All over Bali, we saw small offering baskets made of palm leaves filled with flowers, rice and incense, which are called canangs. They were used to harmonize public spaces and charmingly littered the streets of Bali. This is but one of the many colorful and fragrant memories that fill my smiles. Like the crashing waves, poolside drinks, temple ceremonies and experiencing the organized chaos of Bali driving, I will never forget any of this.
One favorite moment occurred while hiking out of the canyon that we had just white water rafted through. I watched my husband remove his wet camouflaged Nike sneakers and trade them to a local wood craftsmen who hiked up the hillside, negotiating with us in broken English the entire way. He said he would give the sneakers to his doctor (it was unclear what kind of swap that would be, but I enjoyed witnessing the exchange). He traded some of his carvings (book ends and a chop stick collection with case) for the shoes. My husband then made his way back to the bus in bare feet feeling he had made a great trade.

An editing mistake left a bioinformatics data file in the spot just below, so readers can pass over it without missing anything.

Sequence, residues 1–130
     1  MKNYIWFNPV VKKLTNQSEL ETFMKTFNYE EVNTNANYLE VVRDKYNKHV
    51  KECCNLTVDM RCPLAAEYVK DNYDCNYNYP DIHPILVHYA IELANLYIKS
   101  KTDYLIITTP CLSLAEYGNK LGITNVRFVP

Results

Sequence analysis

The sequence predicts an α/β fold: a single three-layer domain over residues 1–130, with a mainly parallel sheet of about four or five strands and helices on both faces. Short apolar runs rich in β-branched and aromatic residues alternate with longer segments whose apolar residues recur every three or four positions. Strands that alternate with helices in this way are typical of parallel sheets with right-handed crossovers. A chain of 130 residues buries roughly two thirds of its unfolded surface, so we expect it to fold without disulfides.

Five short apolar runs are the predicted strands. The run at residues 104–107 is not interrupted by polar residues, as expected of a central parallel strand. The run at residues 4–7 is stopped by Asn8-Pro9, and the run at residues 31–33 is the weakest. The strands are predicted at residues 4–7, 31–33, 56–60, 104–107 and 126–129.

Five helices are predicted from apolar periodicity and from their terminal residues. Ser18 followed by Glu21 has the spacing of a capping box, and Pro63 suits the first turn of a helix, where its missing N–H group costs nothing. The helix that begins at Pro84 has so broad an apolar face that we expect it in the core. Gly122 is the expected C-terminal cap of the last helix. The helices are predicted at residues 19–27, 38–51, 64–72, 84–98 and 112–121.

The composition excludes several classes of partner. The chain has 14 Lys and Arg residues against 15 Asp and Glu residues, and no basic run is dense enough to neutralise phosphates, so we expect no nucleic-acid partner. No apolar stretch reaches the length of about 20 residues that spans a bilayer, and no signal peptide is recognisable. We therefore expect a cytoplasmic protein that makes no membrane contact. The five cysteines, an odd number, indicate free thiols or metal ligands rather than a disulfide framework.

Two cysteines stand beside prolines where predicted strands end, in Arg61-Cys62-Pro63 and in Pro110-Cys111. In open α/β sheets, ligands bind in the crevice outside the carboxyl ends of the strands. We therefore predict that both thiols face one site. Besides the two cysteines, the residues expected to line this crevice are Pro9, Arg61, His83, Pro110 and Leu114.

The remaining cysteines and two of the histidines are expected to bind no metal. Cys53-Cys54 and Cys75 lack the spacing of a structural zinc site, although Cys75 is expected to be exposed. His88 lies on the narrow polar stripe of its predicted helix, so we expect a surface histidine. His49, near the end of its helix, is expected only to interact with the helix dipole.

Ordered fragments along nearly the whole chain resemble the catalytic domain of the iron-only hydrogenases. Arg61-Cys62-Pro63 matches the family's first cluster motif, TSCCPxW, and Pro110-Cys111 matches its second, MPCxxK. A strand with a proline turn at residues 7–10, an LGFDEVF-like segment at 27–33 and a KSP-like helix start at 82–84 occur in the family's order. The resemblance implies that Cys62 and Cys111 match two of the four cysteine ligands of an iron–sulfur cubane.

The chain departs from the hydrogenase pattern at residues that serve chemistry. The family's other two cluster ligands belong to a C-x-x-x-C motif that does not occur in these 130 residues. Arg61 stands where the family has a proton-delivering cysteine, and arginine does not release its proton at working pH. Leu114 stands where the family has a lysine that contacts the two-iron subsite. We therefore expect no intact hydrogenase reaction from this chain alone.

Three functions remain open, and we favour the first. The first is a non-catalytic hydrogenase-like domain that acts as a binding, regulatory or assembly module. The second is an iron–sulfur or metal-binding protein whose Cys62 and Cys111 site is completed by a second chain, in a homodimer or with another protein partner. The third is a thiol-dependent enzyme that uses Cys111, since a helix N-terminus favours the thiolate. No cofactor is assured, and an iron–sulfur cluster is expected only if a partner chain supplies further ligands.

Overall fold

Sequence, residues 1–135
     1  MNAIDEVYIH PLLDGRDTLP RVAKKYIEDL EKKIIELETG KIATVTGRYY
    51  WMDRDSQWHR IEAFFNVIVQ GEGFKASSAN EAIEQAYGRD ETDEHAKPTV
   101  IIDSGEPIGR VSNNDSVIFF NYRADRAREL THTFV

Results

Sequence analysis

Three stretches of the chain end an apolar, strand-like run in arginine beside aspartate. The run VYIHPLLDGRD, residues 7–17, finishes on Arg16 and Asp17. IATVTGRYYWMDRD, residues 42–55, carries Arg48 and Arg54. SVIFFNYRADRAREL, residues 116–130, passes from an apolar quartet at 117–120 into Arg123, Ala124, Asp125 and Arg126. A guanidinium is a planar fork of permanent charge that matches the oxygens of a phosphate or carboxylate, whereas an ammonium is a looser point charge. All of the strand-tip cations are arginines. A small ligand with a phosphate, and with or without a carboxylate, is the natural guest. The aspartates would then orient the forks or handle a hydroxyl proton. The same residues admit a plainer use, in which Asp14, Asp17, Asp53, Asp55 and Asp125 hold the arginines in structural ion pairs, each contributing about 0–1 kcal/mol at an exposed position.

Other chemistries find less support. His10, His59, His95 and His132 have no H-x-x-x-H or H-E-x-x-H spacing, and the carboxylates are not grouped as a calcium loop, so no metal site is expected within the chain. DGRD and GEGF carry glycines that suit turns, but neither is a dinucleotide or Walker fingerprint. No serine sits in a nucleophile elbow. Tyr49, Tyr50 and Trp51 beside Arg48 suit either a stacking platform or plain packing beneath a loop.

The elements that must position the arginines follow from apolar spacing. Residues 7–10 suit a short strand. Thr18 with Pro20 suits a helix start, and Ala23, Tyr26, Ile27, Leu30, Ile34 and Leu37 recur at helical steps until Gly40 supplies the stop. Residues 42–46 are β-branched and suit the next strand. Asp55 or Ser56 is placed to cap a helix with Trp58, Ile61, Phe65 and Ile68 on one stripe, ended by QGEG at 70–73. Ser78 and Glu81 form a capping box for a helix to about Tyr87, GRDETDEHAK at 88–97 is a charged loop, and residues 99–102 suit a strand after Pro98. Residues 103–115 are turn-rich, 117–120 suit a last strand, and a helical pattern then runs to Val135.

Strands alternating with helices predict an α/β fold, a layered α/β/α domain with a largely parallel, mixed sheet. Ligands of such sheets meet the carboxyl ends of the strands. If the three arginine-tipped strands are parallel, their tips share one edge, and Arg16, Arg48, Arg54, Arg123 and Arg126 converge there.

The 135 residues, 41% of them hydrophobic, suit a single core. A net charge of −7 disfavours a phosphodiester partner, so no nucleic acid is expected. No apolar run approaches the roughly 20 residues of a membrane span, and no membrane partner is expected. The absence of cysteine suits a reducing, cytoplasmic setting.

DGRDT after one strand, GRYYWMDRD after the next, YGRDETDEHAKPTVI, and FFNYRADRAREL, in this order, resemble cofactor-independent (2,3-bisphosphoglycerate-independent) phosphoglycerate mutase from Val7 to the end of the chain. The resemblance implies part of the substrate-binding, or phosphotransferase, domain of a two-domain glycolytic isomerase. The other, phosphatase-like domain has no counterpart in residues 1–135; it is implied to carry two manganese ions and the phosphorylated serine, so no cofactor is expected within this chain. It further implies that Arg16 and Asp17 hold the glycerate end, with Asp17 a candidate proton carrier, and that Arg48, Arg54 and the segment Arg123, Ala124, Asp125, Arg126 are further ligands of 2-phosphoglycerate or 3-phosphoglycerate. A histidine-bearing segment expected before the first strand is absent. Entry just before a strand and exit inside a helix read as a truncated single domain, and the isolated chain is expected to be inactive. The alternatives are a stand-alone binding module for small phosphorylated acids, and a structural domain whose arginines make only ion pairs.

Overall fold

Later in the journey, we were treated to a special performance of Balinese dance by Semara Raith (Sun and Moon), one of Bali’s premier dance and music groups. I learned after the dance was finished that the reason all the musicians were intently focused on the lead dancer is because he is their conductor. While dancing, he conducts the band’s live music through his hand gestures and eye movements.